The following article shares highlights and insights from one of our Expert Series events, which are exclusive for Young Scholars and their parents.
Research and common sense consistently show that understanding our emotions and managing them is one of the most important abilities any person needs for personal well-being and being able to positively function in a community. However, many of us were not explicitly taught emotional regulation skills and often feel like we are at the mercy of the emotions swirling throughout our homes and community. Educating ourselves not only supports our own mental and emotional health but empowers us to be the adults young people need in their lives. Having a shared vocabulary around emotions is essential to young people’s development and enhances their ability to self-regulate, manage frustration, and practice effective coping strategies. It is also essential to creating healthy, emotionally agile communities and families.
Topics covered in the session were, emotional granularity, SEAL, and self compassion. Emotional granularity is the ability to name and recognize all of our emotions. Becoming better at naming our emotions in order to understand them can in turn help regulate them. A communication tool with the acronym of SEAL was shared and explained to provide concrete strategies of how to help your child when emotionally dysregulated. Self compassion was the final take away of this session. Self compassion is choosing to turn towards your suffering with kindness and empathy. Tips of how to practice self compassion and the benefits were shared with participants.
Tips for Regulating Emotions
SEAL is an effective communications model that can help adults work on their own emotions and feelings as they support their child and their emotional dysregulation.
Stop – Identify what is your role in this moment, consider these questions:
- What do they need right now?
- Space, time, contact etc.
- What can I do to help?
- Leave them alone/give space, be comfortable letting them be upset as long as they are safe
- Provide what they need based on previous experience and conversation
Explain – Ask them to explain what happened that made their emotions take over.
- You might say,
- “Saying I don’t know is OK but try to think about when you first felt yourself getting angry/sad/frustrated.”
- Explain your feelings during this time as well and share them,
- “I get scared/sad when you…”, “I feel helpless because…”, “I care about you and want to help”
Affirm and Acknowledge
- Spend time affirming their feelings and acknowledge their emotions.
- Affirm that their feelings are real and they are not permanent
- Acknowledge that sometimes when they are emotionally dysregulated, they will have a hard time managing their own emotions. That is true for most people. Managing emotions when dysregulated is something that people have to learn and practice.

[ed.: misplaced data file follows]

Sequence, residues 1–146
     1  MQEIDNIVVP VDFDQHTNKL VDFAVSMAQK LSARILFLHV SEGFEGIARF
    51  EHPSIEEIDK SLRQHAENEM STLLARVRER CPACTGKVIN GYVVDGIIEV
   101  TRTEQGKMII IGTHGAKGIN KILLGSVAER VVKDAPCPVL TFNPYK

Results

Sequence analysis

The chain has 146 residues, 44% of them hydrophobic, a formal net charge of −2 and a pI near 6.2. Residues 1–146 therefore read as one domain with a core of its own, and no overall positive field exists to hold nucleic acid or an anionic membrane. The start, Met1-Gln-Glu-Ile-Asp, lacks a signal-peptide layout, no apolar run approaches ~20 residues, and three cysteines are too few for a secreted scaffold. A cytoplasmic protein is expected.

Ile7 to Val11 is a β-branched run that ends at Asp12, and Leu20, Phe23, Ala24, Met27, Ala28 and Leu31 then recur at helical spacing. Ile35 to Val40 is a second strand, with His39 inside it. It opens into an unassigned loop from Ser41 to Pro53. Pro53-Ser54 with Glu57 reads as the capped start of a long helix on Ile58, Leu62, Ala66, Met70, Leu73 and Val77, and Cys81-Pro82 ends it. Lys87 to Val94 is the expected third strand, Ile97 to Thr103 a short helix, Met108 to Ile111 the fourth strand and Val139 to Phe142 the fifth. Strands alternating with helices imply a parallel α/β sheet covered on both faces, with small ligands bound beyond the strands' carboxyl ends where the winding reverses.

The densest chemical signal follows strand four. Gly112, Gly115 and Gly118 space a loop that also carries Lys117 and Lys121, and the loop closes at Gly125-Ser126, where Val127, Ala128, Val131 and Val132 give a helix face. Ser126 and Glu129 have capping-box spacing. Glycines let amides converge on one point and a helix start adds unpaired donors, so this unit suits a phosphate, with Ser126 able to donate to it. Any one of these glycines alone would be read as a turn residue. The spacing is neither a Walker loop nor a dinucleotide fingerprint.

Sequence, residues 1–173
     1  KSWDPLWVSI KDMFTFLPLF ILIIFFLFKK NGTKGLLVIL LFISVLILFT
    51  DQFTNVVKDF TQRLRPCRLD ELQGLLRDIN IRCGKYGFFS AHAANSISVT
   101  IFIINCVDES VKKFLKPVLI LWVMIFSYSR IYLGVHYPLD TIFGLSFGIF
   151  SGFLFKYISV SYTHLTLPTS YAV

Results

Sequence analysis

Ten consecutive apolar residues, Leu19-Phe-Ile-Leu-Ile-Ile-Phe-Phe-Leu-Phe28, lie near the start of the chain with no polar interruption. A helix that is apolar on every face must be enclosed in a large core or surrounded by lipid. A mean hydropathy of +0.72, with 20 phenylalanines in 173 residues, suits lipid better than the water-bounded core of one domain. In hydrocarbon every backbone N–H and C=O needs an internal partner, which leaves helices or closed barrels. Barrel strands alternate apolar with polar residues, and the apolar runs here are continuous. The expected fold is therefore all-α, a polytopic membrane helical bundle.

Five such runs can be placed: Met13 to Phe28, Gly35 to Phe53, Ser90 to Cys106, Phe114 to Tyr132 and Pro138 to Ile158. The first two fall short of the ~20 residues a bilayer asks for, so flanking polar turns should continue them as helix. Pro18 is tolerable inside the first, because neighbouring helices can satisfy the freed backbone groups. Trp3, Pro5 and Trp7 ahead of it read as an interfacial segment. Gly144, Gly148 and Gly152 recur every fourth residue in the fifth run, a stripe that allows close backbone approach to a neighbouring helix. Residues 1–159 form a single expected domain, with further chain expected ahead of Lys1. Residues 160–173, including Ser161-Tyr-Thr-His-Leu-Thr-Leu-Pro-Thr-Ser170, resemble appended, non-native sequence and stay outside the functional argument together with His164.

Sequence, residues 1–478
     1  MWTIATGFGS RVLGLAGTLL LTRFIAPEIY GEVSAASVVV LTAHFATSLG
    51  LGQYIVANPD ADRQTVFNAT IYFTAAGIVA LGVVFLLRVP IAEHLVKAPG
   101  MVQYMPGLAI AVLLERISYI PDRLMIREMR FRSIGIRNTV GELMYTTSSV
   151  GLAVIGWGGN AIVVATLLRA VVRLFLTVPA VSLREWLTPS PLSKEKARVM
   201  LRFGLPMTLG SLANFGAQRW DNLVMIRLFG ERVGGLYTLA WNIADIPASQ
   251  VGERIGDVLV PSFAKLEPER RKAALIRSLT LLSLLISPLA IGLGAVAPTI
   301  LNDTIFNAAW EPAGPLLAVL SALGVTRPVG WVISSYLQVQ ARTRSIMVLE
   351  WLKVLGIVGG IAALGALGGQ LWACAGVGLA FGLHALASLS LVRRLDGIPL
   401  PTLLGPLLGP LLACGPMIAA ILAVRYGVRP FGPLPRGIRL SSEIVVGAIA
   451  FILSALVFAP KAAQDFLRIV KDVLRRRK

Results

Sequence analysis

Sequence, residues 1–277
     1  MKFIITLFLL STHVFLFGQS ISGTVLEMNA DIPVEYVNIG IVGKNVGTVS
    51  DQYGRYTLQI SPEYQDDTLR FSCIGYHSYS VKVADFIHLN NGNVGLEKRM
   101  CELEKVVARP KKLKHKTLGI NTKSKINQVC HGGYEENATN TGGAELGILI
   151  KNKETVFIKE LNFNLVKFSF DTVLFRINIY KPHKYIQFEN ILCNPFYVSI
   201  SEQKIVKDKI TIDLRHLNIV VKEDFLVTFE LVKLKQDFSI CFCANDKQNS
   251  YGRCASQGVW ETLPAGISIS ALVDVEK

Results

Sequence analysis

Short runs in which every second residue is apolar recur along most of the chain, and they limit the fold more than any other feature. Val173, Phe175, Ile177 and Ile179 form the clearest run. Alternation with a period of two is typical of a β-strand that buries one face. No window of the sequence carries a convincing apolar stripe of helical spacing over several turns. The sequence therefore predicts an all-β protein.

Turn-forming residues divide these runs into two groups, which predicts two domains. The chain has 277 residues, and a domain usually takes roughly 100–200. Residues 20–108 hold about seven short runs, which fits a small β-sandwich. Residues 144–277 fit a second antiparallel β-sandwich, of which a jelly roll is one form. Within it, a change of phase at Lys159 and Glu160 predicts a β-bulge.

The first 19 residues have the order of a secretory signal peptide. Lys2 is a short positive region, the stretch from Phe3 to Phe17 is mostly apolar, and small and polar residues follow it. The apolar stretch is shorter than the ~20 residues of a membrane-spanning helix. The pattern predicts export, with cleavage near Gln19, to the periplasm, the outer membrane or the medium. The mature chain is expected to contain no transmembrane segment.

- Try to create (lock down) some concrete steps to follow when your child is emotionally dysregulated.
- “What can we agree on to both TRY to do in these situations?”
- “I can step away for a minute and let you calm down”
- “I won’t try to fix the situation for you, but I will be close by to keep you safe and support you.”
- Agree to try them for a certain amount of time and if they don’t work, revisit.
Once you all have figured out a few steps that work, even just the STOP, how can you work with your child’s school to implement some of this plan? What other adults need to know about this process?
This is a process- practice not perfection etc. This is a starting point, it should evolve as your kid does.
Self Compassion is another cornerstone piece that helps with emotional regulation.
- How to practice self compassion:
- Choose self kindness
- Remember common humanity
- Practice mindfulness
- Benefits of this practice:
- Emotional resilience
- Avoids depending on others for approval
- Personal Growth
Authored by: Carey Goldstein
Bio: Carey Goldstein worked as both a middle and upper school counselor for 15 years. She used the Owning Up Curriculum in her work with students in both divisions ever since she was introduced to the curriculum in 2010. Carey joined the Cultures of Dignity team as the Director of Owning Up Programs in 2018 after working with the team over the years on different consulting projects as well as contributing to the content of the second edition of Owning Up. Her extensive experience brings a teacher to teacher connection to the curriculum that helps schools make the most of the Owning Up Curriculum and Owning Up Training in the classroom. Carey has taken her classroom and counseling experience to Arusha, Tanzania as a part of a teacher exchange program and presented on social-emotional learning in Chengdu, China. She has presented at both the Kentucky Association of Independent Schools and the Independent School Association of the Central States conferences on how to integrate character education in grades K-12. Her love of working with kids and helping them navigate growing up with a better understanding of the world they live in is what attracted her to work with the Cultures of Dignity team. She lives in Louisville, KY with her husband and two teenage daughters.